(after DBZ Volume 19: Vegeta (pages 84-87, 119-124)

ok im standing alone in the part of the city where the street signs
rust off their posts and crumble like wood, rotting. ok im standing
alone in the part of the city where the songbirds are all engines
turning over, where kickback emphysema black lung black lung,
shower irish, rot a day, repeat.
ok in this part of the city, the busses always seem late, four
minutes never seems to mean four minutes and i look up from my
phone to see the clouds part only to realize that the sky is the
sea- the ink in the water, the tumult. ok this world is so big that
somewhere upon it a father is late to his own daughter’s wedding.
they hold back the ceremony with fresh manicure, verse, a
widow’s teeth till the priest’s stomach growls over the organ. ok
priestwolf howls scripture at parishionermoon, o’ conduit of
unhinged jaw, o’ giant monster, where is the ‘good’ in your book,
and when did it leave? it’s as if fists birthed us and here we are,
worshipping in front of the tv — again, its dull glow, a radiant
cancer. the bride learns for the second time today that ‘late’
doesn’t always mean ‘coming,’ so we wallow in this hopelessness
like a child in a tidepool on a closeby beach; their parents make a
last attempt at resuscitating a failing marriage while another
bursts forth ever-so-slowly from the ash, and a phoenix wears her
newness like brass knuckles as she walks down the aisle. ok
troubled is the new black. ok troubled is so i n right now. ok
trouble is this life and in this life love feels like an impossible
mistake; a key locked inside a car, a car parked between lanes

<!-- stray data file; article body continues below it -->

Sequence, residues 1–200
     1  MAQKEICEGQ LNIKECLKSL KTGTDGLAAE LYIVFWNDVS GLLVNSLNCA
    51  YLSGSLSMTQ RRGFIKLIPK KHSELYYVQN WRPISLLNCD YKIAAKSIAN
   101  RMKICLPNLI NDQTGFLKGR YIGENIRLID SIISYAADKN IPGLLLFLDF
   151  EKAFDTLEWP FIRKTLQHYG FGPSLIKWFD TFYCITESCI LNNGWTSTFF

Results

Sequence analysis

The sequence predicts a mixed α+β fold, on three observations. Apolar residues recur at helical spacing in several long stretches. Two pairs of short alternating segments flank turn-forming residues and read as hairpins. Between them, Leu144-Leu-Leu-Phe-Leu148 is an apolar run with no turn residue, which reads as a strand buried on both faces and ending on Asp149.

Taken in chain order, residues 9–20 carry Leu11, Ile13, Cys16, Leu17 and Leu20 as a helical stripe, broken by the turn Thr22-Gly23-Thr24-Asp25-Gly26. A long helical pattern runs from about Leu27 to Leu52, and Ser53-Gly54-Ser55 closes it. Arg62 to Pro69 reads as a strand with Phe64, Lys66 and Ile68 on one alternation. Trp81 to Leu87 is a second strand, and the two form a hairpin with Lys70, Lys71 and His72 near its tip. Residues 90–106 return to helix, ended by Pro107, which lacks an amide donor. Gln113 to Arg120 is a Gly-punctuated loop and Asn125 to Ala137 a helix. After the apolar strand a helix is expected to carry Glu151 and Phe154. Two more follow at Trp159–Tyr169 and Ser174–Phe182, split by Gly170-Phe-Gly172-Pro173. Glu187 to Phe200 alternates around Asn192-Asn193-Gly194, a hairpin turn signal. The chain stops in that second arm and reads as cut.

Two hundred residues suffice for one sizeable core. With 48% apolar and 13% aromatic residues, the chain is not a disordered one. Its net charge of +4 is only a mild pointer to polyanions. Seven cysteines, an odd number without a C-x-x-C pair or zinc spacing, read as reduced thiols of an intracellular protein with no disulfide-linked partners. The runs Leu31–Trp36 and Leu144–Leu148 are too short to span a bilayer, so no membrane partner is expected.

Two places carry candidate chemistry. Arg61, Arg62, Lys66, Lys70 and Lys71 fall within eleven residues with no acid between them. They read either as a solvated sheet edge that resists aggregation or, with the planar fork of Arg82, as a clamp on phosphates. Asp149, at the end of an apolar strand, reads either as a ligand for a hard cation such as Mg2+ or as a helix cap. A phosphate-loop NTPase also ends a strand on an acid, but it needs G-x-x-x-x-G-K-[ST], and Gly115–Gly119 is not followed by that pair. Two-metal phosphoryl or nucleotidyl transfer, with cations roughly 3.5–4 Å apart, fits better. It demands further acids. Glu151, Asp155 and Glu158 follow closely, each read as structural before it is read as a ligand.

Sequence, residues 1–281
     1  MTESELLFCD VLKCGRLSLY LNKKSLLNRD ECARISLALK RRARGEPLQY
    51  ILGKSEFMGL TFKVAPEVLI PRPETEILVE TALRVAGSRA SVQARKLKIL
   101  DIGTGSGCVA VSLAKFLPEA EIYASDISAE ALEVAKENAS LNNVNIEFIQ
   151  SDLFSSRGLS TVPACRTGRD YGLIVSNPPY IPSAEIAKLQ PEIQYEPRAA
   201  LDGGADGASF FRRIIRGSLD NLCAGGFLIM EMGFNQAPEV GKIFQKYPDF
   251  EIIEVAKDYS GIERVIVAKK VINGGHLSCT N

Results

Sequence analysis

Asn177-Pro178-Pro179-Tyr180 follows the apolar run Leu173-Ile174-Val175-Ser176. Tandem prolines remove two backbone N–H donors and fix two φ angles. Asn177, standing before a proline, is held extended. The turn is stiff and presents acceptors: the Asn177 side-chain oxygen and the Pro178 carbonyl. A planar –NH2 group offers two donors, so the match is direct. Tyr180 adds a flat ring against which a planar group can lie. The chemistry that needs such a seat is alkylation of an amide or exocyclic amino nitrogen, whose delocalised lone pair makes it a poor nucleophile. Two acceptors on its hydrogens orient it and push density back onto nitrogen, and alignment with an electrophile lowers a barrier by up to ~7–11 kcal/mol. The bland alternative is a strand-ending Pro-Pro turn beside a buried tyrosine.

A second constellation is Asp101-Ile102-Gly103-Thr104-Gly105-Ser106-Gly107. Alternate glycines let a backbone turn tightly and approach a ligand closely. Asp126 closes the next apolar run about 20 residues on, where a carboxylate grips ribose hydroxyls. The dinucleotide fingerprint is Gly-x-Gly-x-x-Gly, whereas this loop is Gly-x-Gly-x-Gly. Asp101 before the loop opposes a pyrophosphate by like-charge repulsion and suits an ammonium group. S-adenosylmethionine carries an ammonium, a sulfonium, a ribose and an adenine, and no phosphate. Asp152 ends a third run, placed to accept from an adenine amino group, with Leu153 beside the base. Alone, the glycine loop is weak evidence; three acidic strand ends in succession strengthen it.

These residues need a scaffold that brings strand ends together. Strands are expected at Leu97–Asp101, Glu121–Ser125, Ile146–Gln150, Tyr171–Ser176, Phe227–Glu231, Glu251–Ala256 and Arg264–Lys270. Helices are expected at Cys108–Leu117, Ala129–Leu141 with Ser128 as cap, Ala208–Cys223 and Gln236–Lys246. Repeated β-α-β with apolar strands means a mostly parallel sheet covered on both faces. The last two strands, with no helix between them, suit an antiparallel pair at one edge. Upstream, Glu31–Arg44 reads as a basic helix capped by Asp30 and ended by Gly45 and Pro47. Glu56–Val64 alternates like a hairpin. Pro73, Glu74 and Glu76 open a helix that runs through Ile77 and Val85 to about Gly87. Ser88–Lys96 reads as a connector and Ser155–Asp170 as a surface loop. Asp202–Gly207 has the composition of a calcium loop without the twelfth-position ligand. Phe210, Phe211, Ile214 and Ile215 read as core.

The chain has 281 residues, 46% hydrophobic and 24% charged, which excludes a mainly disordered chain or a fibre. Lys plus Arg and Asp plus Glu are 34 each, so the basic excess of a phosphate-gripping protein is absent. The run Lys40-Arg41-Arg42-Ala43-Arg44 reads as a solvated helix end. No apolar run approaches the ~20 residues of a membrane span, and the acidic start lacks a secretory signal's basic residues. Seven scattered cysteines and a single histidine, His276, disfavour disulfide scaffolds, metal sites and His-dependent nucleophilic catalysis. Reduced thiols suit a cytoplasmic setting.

on a highway. it’s hard to believe that heart and a dishrag are the
reason for this kissable weapon’s shine, this body, this faulty
parachute. ok there’s a jackknifecanopenerpencildivecannonball
outside my window, the splash, the rain, the coiling humid
tightens round throat till it’s all red and raw. ok it’s summer and
guilt is a coffin. im sweating through the wood and new year’s
day boils through the fog. ok i remember waking up next to you,
before you grew too thin for new england autumn’s funeral,
before it and the pallbearers began to hang from you, when we
were a house whose cracked foundation i had not yet noticed,
before we collapsed into rubble. ok i inhaled hangover. ok i read
‘murder’ with a dry throat and the tears never came. ok jon died
last night and i flash back to sophomore year, the football locker
room, where the salt of his fist walked my mouth down the aisle
and the flowergirl threw fistfuls of my teeth down the hallway. ok
last i heard jon pulled a gun on jake for an ounce of new york
indoor but jake’s parents are loaded and he only calls to ask me
for money even though we aren’t really friends anymore so i tell
him i dont care over the phone and he fades into colorado. ok i
never believed in the legend but my mattress hides a landfill’s
worth of wine bottles and the ghosts haunt me so it must be true.
ok they keep me up at night so i try to keep myself busy. save